Amazon Air has brought its own set of challenges. Union pilots picket every year outside Amazon's annual shareholder meeting in Seattle, to protest low pay and staffing shortages that they say result in unsafe working conditions. About 250 pilots, including some who fly for Amazon, staged a brief strike in 2016 before a judge ordered them back to work. In February, a cargo jet hauling Amazon packages crashed as it was preparing to land near Houston and the three people aboard died.
The crash remains under investigation and the family of one of the pilots filed a lawsuit against Amazon and cargo carrier Atlas Air. The lawsuit alleges that Amazon contributed to an unsafe work environment by overworking pilots to the point of fatigue. "We remain heartbroken by the loss of Flight 3591 that claimed the lives of two Atlas Air pilots, and a third pilot from another airline that was a passenger," Amazon said in an emailed statement. "Their families continue to be our top priority. We do not comment on any pending or potential litigation."
In addition to planes, Amazon spent the past few years experimenting with a new delivery network through regional couriers to reduce its reliance on big delivery partners. Once again, the need for extra capacity has made the company vulnerable to incidents over which it has little control. Home security footage of delivery fails is a staple of local television news. Delivery people have been captured flinging Amazon packages like Frisbees, hurling them like bowling balls, even dribbling boxes like soccer balls toward the front door. In an infamous incident that infuriated Clark, a contract driver was caught on camera defecating in a residential Sacramento driveway.
On Twitter, Clark is a self-appointed guardian of Amazon's reputation. He recently tweeted security footage of a delivery driver dancing after a Delaware customer left him snacks on the front stoop. Two weeks ago, Clark took to Twitter to dispute news reports that Amazon was having delivery problems, saying the company quickly responded to weather disruptions. Clark says the media choose to focus on the relatively few deliveries that go awry when the vast majority go smoothly.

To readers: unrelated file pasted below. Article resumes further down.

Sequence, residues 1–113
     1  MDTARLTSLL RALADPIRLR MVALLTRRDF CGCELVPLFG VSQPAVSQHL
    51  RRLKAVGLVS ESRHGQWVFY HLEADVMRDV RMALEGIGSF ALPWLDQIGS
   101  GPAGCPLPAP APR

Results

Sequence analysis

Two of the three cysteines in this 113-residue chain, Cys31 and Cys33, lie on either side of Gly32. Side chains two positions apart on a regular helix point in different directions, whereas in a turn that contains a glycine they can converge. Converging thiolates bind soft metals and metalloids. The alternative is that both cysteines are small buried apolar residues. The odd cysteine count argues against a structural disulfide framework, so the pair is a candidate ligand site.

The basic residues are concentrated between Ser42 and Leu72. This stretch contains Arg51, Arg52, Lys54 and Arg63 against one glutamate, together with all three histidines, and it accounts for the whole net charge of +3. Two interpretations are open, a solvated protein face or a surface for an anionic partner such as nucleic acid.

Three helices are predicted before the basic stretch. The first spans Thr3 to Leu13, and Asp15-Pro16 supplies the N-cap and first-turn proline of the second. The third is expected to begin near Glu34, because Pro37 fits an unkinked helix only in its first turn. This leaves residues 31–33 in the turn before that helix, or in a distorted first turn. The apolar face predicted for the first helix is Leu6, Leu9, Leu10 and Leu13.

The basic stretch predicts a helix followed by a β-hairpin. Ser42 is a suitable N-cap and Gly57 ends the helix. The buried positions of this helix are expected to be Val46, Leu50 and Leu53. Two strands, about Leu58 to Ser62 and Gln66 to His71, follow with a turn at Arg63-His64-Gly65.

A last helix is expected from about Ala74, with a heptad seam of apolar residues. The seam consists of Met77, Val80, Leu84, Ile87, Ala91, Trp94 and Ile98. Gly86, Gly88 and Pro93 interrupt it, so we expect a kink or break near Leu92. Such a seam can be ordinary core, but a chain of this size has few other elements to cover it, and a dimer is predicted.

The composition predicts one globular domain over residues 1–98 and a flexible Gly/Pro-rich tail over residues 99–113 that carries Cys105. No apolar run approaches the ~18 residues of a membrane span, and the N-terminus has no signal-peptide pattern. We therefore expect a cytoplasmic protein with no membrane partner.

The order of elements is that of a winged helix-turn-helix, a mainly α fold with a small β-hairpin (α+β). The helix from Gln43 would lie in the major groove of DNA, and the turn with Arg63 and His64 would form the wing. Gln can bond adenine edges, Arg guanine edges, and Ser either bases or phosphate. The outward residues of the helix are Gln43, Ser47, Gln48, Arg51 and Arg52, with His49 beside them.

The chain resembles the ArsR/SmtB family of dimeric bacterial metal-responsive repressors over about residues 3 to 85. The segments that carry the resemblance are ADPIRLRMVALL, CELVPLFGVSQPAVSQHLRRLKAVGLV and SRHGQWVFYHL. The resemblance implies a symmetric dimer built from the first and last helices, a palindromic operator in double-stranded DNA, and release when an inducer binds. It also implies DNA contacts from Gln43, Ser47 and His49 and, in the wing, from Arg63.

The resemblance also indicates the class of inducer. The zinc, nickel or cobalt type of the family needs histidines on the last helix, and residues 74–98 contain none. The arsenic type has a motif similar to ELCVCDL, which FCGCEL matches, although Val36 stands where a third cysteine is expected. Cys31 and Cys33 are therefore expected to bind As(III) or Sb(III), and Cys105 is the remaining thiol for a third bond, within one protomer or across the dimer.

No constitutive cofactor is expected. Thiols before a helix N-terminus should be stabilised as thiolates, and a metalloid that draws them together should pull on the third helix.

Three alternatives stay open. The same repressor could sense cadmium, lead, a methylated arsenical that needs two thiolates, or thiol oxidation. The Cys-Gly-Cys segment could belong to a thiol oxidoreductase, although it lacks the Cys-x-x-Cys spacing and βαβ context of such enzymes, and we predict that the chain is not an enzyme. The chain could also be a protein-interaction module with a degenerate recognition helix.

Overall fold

The metrics bear him out. Amazon delivers more than 90 per cent of its packages on time, on par with UPS and FedEx, says Sriram Sridhar, whose Lateshipment.com monitors delivery companies. 'The expectation is for Amazon to be able to pull it off this year because they've been slowly building up for this," he says. "Even if they slip up in some aspects of the last mile, it's not something they will walk away from because it's such an important aspect of their business." Clark also knows that most customers, even the angriest ones who complain on TV news, can be mollified with a refund.
Yet the strains on Amazon's formidable delivery machine aren't going away. The low US unemployment rate means Amazon's delivery partners are constantly churning through drivers who sometimes quit mid-route on their first day, prompting a scramble to deliver hundreds of packages. Investors are concerned that the next-day shipping pledge is too expensive. In October, Amazon reported its first year-over-year quarterly profit decline since early 2017 because building new delivery capacity was costing more than expected. The shares tanked but have since recovered. Meanwhile, a barrage of media reports on the collateral damage inflicted by Amazon-warehouse injuries, pedestrians killed by harried delivery drivers-aren't letting up.
Clark exudes confidence in an Amazon video posted on Twitter about his 21st year delivering Christmas cheer, even as his job grows and he's asked to balance more pieces. Those warehouses where he became known as The Sniper he now smilingly calls "Santa's workshops."
"It's all about preparation," he says, sitting in front of a stack of cardboard boxes emblazoned with the Amazon smile logo. "I think the teams are set up to deliver yet another wonderful holiday season."